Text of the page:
Despite its large size a strong sense of intimacy is conveyed by this painting. The everyday, such as the dog’s casual intrusion on the left, is placed alongside the adoration of the serene holy child. The scene is thus shown as a tangible event happening to real peasant people. It conforms to the Counter-Reformation Church’s view in the 17th century that religious art should combine a devotional image with believable humanity.


  • Title: The Adoration of the Shepherds
  • Creator: Mattia Preti
  • Date Created: 1660/1699
  • tag / style: Christ; Holy Family; shepherds; sheep; mule; ass; adoration; angels; dove; straw; hay; Mary; Joseph; radiant; baby; peasant; realism; religious; humanity; Adoration of the Shepherds; dog; Counter-Reformation; pipes; music; banner; crowded; kneeling; manger; stable; Neapolitan
  • Physical Dimensions: w2980 x h2274 cm (Without frame)
  • Artist biographical information: Mattia Preti was born in the small town of Taverna in the region of Calabria in the far south of Italy. Preti had a long working life and there are more than 500 canvases and frescoes known to be by him. He trained in Rome in the 1630s, where he studied with his brother Gregorio at the Accademia di San Luca. In the 1630s and 1640s in Rome he achieved his first successes. However, he is traditionally associated with the Neapolitan school. He gained many commissions in Naples after the Great Plague of 1656 wiped out nearly a whole generation of artists. During his seven years in Naples he developed a style that was to influence future generations of painters such as Francesco Solimena. Preti’s particular style of painting was greatly influenced by the work of Caravaggio (1578–1635), whose pictures are noted for their realistic detail and the dramatic use of light and shade. In 1661 Preti went to the island of Malta where he remained for the rest of his life. The Knights of Malta elevated him to the rank of Knight of Grace. In Malta he received commissions for most of the Island’s churches and his paintings of the Life of John The Baptist in the church of St John, Valletta are considered to be his masterpiece. While he was engaged in this commission, which was to last for five years, he was promoted to the rank of Knight of Justice. Although he lived in Malta he continued to send paintings to patrons in Naples, he also received commissions from all over Europe, especially from Spain and Sicily. He also sent ten major altarpieces from Malta to his home town of Taverna.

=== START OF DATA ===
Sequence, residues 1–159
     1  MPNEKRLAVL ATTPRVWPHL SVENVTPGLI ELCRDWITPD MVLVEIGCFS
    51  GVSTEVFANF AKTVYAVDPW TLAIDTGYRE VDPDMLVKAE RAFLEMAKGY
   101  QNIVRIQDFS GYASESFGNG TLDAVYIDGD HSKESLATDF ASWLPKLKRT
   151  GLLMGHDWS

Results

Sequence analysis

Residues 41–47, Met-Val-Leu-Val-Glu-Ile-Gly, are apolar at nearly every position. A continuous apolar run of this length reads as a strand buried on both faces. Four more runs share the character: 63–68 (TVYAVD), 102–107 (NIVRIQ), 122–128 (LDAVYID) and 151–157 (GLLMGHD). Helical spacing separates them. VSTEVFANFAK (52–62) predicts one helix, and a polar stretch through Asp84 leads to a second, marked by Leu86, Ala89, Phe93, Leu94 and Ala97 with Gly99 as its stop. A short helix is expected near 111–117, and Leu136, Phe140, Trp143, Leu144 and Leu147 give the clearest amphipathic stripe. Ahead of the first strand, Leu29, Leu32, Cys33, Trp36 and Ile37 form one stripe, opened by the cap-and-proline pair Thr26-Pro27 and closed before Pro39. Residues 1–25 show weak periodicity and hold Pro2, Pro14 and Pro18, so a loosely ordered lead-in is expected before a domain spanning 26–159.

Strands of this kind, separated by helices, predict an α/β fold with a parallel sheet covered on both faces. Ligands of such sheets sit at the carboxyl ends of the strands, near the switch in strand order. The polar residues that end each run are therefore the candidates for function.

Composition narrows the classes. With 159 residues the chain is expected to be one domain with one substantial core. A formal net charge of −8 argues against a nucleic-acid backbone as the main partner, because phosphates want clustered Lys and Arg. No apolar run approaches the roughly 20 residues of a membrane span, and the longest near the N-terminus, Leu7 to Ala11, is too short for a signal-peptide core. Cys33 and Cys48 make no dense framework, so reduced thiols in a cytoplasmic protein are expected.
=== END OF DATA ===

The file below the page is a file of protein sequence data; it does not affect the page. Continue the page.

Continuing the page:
• Additional artwork information: The immediate impact of the picture is achieved by the crowded composition of life-size figures. The animation of the two figures in the foreground is particularly striking. There is a strong sense that Preti has recreated the exact moment of their hasty arrival. The shepherd on the right crouches down, joining his hands in a gesture of prayer and devotion. The shepherd on the left, surely the last to arrive, falls forward, kneeling and removing his cap, as the Virgin Mary covers up the just-born Jesus. Other shepherds lean forward for a better view and two more shepherds provide a musical welcome for the Christ child. Scarcely visible in the background, four figures press forward bearing gifts. Across the night sky an angel flies, trailing an inscribed banner. Preti has created an intensity of dramatic feeling through the skilful use of light, colour and movement.
  • Type: Oil on canvas
  • Rights: Presented by Liverpool Royal Institution in 1948

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